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The Living Edens
Patagonia or Namib, Where Do I Belong?

Instructional Objectives
Background Material
Procedure
Evaluation / Alternative Assessment
Web Resources


Instructional Objectives:

Students will:
  1. Identify the African Ostrich from PBS' The Living Edens "Namib" program and the Rhea from PBS' The Living Edens "Patagonia" program
  2. Compare and contrast the two species in regard to appearance and behavior
  3. Compare and contrast the biomes in which the two species exist, one in Namib and one in Patagonia

Background Material:

The Ostrich of Namib and the Rhea of Patagonia are very similar birds. Both are very large birds and are about the size of man. The Ostrich lives in Africa and is found in Namib and the Rhea is found in Patagonia, the southern end of South America.

The Ostrich is the largest living bird. It grows to a height of 6-7 feet and weighs over 300 pounds. The Ostrich has very large eyes which account for its excellent vision. The male Ostrich is black with white feathers on the wings and tail. The neck of the Ostrich appears to be bare skin. The female Ostrich is grey. Both male and female have two toes and can run up to 50 miles per hour. The often travel in pairs and can be seen in small groups. The Ostrich is a herbivor for the most part, feeding on leaves and flowers. The Ostrich is capable of severe injury to anything that threatens it, using its feet to kick the offender. The Ostrich can be found in grasslands, brush, forests and desert.

The Rhea of Patagonia is one of the largest birds of South America and is found in Patagonia, southern Argentina. The Rhea grows to a height of about five feet and weighs about 50-60 pounds. The Rhea has three toes and is very similar to the Ostrich. Males and female Rheas are very similar; however, males tend to be a little taller. Rheas are also able to swim. Rheas like to travel in flocks of up to 30 individuals. The primary habitat of the Rhea is in the grasslands of Patagonia. They prefer the tall grass but will move to a wet area such as a stream or wetland during certain periods. The Rhea feeds on both plants and animals. It will eat leaves and roots as well as insects. (Campbell, Bruce, and Elizabeth Lack, A Dictionary of Birds, Buteo Books, Vermillion, 1985, pp. 416-417)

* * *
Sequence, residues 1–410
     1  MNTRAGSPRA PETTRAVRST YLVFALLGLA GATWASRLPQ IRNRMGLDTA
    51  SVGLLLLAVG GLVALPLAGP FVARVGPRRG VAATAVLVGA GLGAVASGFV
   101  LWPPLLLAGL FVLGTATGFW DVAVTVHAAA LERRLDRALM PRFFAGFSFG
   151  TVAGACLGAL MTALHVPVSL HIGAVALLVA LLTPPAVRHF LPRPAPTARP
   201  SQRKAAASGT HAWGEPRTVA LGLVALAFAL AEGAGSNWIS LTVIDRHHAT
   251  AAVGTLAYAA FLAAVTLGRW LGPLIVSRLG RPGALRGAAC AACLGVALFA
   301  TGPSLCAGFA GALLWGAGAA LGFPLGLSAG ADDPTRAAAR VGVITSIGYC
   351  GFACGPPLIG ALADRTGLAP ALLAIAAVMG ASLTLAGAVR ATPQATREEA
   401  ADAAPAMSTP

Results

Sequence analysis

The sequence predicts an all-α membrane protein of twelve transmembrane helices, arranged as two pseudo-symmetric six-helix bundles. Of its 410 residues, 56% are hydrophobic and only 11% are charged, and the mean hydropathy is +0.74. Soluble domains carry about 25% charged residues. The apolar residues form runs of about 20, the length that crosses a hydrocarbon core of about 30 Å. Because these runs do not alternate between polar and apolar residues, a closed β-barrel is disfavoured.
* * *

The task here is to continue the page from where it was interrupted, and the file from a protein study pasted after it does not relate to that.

Materials Needed:

Procedure:

Students will:
  1. View the two PBS programs The Living Edens "Namib" and "Patagonia"
  2. Identify the Ostrich in Namib and the Rhea in Patagonia and record observable characteristics of each bird in their science journals
  3. Discuss the characteristics in groups of 3-4 and develop a master list of agreed upon likenesses and differences
  4. Identify the biome(s) in which each bird is found and state characteristics of each of the biomes, Namib and Patagonia in class discussion

Evaluation/Alternative Assessment

Drawings of the Ostrich and the Rhea should be displayed in class or the hallways of the school. A life size Ostrich and/or Rhea might be a good way for students to recognize the large size of these birds. Recorded data in science journals, a check list on the board by the teacher with Rhea on one side and Ostrich on the other, and group presentations of similarities and differences might also be a good way to assess what students have learned from this activity.

Elementary Extension:

Elementary students may color the Ostrich and Rhea bird templates included in this lesson. The teacher may also find a story of birds to read to students. Additionally, you may want to role play an Ostrich and a Rhea after watching The Living Edens programs.

High School Extension:

High school students can research the more specific elements of food, behavior, phisiology, and distribution of the Ostrich and Rhea.

Additionally, they might want to research and collect data on the Emu of Austrailia.

Web Resources:

Birds:
http://nmnhgoph.si.edu/BIRDNET/ORDERS/Sphenisciformes.html

Ostrich :
http://www.montereybay.com/creagrus/ostrich.html

Rhea:
http://www.montereybay.com/creagrus/rheas.html

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